(IssuesWorkflowView.State = @intState OR IssuesWorkflowView.State = 
    - 1)
    

Now, you have created the Actions and NextState stored procedures. This makes it possible for users to see the next available workflow state for the current record. In addition, you save the appropriate integer value, corresponding to the new workflow state, when transitioning from one state to another.

Building the Workflow Toolbar

Now that the form and stored procedures are all working, it is time to add the workflow toolbar. After adding the workflow toolbar, you will run and test the workflow toolbar to ensure the proper workflow events appear on the workflow toolbar.

Creating the Workflow Toolbar

The workflow information is available from the Actions stored procedures added to the database in the previous step. The next step is to use the information returned from the Actions stored procedure to build a toolbar listing the available events.

The user interface created here contains a series of command buttons, one for each event. This basic example provides the concepts required to create more elaborate interfaces. Most of the work is done using code at run time, because at design time, it is unknown what events are available.

To create the workflow toolbar

  1. Click on Forms in the Object Bar, and open the frmIssueTracking form in Design view.
  2. Click the Command Button object on the Toolbox, and place three command buttons on the form.
  3. Select all three command buttons.
  4. Right-click and choose Properties.
  5. Set the command buttons' Visible property (in the Format tab) to No.
  6. Name the three command buttons cmd1, cmd2, cmd3, respectively.
  7. Open the View menu, and click Code to open the Visual Basic Editor.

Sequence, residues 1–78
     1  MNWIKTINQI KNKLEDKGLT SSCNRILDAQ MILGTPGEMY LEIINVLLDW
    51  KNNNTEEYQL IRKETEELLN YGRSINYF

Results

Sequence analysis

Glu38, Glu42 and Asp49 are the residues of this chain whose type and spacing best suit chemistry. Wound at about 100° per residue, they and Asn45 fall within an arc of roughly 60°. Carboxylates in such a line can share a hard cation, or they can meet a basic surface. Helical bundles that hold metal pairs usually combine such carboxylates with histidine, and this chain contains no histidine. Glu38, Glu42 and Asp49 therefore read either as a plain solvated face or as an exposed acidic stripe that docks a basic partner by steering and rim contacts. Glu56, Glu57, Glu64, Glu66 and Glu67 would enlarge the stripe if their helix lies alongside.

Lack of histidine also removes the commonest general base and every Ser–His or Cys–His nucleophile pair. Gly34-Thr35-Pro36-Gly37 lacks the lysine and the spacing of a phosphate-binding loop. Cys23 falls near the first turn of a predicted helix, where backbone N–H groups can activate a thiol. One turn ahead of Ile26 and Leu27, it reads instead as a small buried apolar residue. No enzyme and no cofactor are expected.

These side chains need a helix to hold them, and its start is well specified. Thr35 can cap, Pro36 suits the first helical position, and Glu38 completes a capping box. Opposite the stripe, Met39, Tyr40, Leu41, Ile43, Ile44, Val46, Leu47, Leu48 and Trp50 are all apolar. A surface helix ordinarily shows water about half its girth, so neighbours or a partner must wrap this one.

8. Add the following code (the BuildActions function):
    Public Function BuildActions()
    On Error GoTo Err_Trap
    Dim ActRS As New ADODB.Recordset
    Dim intCounter As Integer
    
    If Not Me.NewRecord Then
    ActRS.Open "Exec Actions @StateID = " _ 
       & Me!StatusID, _
             CurrentProject.Connection, _
             adOpenForwardOnly, adLockReadOnly
       intCounter = 1
       While Not ActRS.EOF
             Me("cmd" & intCounter).Caption = _
                   ActRS("Caption").Value
             Me("cmd" & intCounter).ControlTipText = _
                   ActRS("Caption").Value
             Me("cmd" & intCounter).Tag = _
                   ActRS("Event").Value
             If Me("cmd" & intCounter).Visible = _ 
                   False Then
             Me("cmd" & intCounter). _
                               Visible = True
             End If
             intCounter = intCounter + 1
             ActRS.MoveNext
       Wend
    ActRS.Close
    End If
    
    Err_Exit:
    Set ActRS = Nothing
    Exit Function
    Err_Trap:
    MsgBox Err.Description, vbExclamation, Err.Number
    GoTo Err_Exit
    End Function
    

    This code makes it possible to do the following:

    • Execute the Actions stored procedure.
    • Walk through each row returned from the Actions stored procedure.